TWENTY-one winters after winning a Fitzgibbon Cup medal on the field with UL, Brian Lohan was delighted and relieved to lead his Alma Mater to the 2015 title after a replay win over Waterford IT last week in Cork. Amongst the Clare contingent who played key roles were Tony Kelly, David McInerney, Jack Browne, Cathal McInerney and Gearóid Ryan.
The double All-Ireland winning full-back and four-time All-Star felt the Fitzgibbon Cup helped him to develop as a player more than two decades ago and is now aiding his management career.
“I played in three Fitzgibbons before eventually winning a fourth one. It was a huge learning curve for me as a player. Even though I wasn’t saying it, I felt that having been involved in the management set-up for three years already, you’d want to be learning in the fourth year. Without saying too much about it, I felt that this year we had to do it,” the 2015 Fitzgibbon Cup-winning manager told The Clare Champion.
“It’s a brilliant feeling. It was a long campaign. We had seven matches and we were the only team to go unbeaten through the whole competition. It was difficult enough. We had to go away to Galway, away to UCC, LIT, UCD and then we finished with the final against WIT. It was great to come out on the right side of it,” he reflected.
The legendary full-back acknowledged that UL had a fierce battle to rescue a draw with Waterford IT in Limerick.
“We had worked very hard in the first-half and had built up a good lead. We were four up but between the 42nd and 50th minutes, we hit four wides, one after the other. In most matches you get a chance to put a team away and that was our chance to put them away. We weren’t able to do it, they got a bit of confidence from that and the next thing they were back in the game. They took over in the last 10 minutes and hit five points in-a-row without us being able to get on the scoreboard.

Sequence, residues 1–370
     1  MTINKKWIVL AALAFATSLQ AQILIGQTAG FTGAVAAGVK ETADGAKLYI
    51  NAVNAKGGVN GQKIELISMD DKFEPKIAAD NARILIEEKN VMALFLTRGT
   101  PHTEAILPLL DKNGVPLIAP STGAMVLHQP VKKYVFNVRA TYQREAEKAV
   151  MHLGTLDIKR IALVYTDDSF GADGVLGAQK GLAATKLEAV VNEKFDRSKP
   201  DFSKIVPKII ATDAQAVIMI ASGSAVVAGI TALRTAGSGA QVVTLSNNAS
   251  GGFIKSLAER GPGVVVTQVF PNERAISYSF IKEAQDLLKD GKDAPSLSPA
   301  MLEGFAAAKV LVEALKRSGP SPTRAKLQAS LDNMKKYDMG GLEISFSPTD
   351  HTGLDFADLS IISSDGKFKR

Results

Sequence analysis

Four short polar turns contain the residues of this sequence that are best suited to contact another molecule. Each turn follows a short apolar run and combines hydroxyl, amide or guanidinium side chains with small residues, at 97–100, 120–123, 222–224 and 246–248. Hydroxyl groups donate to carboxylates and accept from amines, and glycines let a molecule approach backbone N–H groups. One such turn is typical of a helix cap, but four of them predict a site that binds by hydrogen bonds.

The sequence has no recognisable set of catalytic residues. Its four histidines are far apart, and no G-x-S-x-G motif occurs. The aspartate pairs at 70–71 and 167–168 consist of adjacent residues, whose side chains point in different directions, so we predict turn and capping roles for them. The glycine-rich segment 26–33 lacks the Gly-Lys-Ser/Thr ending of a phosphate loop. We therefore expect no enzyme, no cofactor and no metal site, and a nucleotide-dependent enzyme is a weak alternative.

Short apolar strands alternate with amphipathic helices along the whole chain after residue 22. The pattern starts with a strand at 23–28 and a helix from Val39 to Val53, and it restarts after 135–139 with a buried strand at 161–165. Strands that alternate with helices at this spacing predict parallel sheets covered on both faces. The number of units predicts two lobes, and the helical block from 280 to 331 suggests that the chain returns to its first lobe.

“We got a free in the last puck of the game and Tony (Kelly) put it over the bar for us. We’d have been very disappointed if we had lost it but we were lucky to get that free and lucky to get that point,” Lohan said.
However, he felt UL were ready for the replay 10 days later.
“We set up nicely for the replay. Our lads were very tuned in for that. They certainly felt that the Fitzgibbon was there for us. We had worked very hard all year and they didn’t want to leave it behind them down in Cork.”
Establishing momentum at third level can be difficult but once things pick up, Lohan likens a college’s set-up to that of a club.
“It is a bit like that. But it can be a little bit more difficult in UL because we’ve a lot of guys out on teaching practice and on work experience. This year, Jason Forde was on work experience and we had a couple of lads away on teaching practice. Most of the guys were on campus for February. In UL they have exams in December and then they don’t start back until the fourth week of January.
If we want them to train, they have to come back when there is no actual college on. But every college has logistical problems. Once we got into the competition and once we started winning, we got a great commitment from all of the lads, whether they were club or county players,” the Shannon man explained.
On a broader note, he pointed out that his players’ priority is to leave UL with an education and that a Fitzgibbon medal is a welcome bonus.
“They are really super quality players but super guys as well. The big thing in UL is that, academically, they have to meet the criteria and they have to pass their exams. Hurling is important to the lads but it’s second to how they’re doing academically. It’s great for them to win a Fitzgibbon but the most important thing for all those guys is that they make sure to get their degrees or masters,” Lohan maintained, adding that the Fitzgibbon management team at UL is reviewed annually.
By Peter O’Connell